Regular Expressions

From Botnix
Jump to: navigation, search


Contents

Regular Expressions

Because botnix uses regular expressions as opposed to glob matching to match hostnames, normal hostnames with * and ? as match tokens will not work. This page will outline what you must change to make your glob hosts work correctly. Please note this is only the very basics of regular expressions. You should use google to find more in-depth material on them. A useful set of guides can be found here

'*' Symbol

In botnix, you must change the "*" in a hostmask to ".*?"

'?' Symbol

In botnix, you should change the "?" in a hostmask to a single "."

'.' Symbol

Because the dot character has special meaning in a regexp, you should use "\."

'$' Symbol

To signify that your pattern should always be the end of a string, place a $ on the end of it, like for example "\.com$" to match all hosts ending in ".com"

'^' Symbol

To signify that your pattern should always be at the start of a string, prefix the string with the ^ character, like for example ^foo to indicate that all hosts starting with foo should match.

'\d' sequence

To match a number, you can put the "\d" sequence into your pattern. This matches any one number such as "0" or "6".

'+' Symbol

Certain sequences such as \d and the [] and {} sequences allow you to place a + after them, so they for example become \d+. If you do this, instead of the previous sequence meaning 'one of' it now means 'one or more of', so for example \d+ means one or more numbers.

'{}' Symbols

The {} characters can be used to represent an exact count of something in your pattern. For example:

  • \d{2} means two numeric characters
  • \d{2,4} means anywhere between two and four numbers in a row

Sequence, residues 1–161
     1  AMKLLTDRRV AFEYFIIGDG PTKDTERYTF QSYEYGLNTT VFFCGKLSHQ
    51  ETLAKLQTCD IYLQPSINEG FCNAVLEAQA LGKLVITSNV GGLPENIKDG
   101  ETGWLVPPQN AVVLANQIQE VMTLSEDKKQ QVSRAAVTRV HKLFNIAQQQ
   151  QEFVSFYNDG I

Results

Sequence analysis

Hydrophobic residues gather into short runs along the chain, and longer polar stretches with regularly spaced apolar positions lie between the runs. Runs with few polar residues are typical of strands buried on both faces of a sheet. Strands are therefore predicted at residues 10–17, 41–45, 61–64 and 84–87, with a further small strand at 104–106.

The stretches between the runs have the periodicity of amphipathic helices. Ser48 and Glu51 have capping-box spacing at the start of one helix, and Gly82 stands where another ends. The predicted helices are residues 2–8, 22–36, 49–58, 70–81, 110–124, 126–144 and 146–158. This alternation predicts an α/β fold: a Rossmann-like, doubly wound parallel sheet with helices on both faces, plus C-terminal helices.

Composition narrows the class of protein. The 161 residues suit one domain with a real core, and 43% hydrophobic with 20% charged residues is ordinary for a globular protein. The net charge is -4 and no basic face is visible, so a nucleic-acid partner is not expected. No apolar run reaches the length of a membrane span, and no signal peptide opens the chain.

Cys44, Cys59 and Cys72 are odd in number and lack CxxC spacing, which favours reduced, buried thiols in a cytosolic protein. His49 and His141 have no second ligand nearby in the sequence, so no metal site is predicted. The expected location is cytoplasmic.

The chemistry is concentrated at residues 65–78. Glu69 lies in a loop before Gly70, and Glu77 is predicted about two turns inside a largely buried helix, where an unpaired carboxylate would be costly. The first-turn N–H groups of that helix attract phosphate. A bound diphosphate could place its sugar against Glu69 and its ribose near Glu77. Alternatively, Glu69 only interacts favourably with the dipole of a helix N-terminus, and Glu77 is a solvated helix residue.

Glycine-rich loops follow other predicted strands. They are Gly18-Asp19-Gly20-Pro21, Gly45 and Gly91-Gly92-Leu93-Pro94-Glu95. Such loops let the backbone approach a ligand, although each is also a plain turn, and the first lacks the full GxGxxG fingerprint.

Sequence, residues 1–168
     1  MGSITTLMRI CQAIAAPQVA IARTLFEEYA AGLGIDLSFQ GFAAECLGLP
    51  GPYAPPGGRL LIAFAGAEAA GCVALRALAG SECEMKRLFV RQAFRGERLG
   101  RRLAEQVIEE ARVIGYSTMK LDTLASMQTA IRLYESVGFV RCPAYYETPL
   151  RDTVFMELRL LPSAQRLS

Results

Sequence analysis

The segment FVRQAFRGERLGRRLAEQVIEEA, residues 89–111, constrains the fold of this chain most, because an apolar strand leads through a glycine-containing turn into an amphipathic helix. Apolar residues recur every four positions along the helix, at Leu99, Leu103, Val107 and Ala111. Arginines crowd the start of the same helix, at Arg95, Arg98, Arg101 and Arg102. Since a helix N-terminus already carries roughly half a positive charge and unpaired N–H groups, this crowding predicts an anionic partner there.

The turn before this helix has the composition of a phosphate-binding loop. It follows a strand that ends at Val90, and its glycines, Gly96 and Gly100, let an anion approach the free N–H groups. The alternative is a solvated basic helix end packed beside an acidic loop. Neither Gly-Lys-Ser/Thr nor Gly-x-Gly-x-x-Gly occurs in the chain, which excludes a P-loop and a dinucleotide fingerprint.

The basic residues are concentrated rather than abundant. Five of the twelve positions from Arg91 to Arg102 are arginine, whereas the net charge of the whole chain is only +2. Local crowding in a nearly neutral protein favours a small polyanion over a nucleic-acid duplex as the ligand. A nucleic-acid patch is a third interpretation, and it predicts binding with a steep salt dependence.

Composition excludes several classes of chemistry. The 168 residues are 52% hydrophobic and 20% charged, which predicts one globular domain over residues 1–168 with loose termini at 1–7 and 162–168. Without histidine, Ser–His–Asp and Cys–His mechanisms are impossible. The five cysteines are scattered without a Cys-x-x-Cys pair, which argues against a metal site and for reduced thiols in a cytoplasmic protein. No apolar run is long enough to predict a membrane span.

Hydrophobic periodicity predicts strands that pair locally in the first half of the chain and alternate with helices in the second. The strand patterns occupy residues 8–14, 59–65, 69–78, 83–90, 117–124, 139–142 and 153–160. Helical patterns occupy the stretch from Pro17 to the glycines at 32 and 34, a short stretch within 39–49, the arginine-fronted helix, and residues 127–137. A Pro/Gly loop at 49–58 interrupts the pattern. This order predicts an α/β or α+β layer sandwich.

• \d{,4} means anything up to but not over four numbers in a row
  • \d{3,} means at least three numbers in a row

'[]' Symbols

The [] symbols can be used to represent a character range in your pattern, forexample:

  • [a-z] means any letters in the range a through z (note: you can use \w for this)
  • [X-Z] means any letter through the range X to Z (inclusive)

NB: This sequence, and all regular expression sequences are CAsE sEnSiTiVe!

'|' Symbol

The | (pipe) symbol has special meaning in a regular expression so you should escape it and make it "\|" instead.


The actual pipe character can be used for alternation, for example, to specify that a pattern can either match 'dogs' or 'cats' but nothing else use the pattern:

  • dogs|cats

Putting it all together

Here are some example 'glob' style hosts (from for example eggdrop) and their regexp counterparts as used by botnix.

  • *!Boo@*.cpe.cable.rogers.com becomes ^.*?!Boo@.*?cpe\.cable\.rogers\.com$
  • *.proxy.com becomes proxy\.com$
  • *@brainbox* becomes .*?@brainbox
  • *!socks@* becomes ^socks@
  • *@ppp69.proweb.co.uk becomes .*?@ppp\d{,2}\.proweb\.co\.uk
  • *@red.corp.net and *@blue.corp.net becomes one regular expression .*?@(red|blue)\.corp\.net$

As you can see, you only need to include as much as is neccessary to match the pattern to the host, the redundant *!*@ parts are not required.

Personal tools
Namespaces

Variants
Actions
Navigation
Toolbox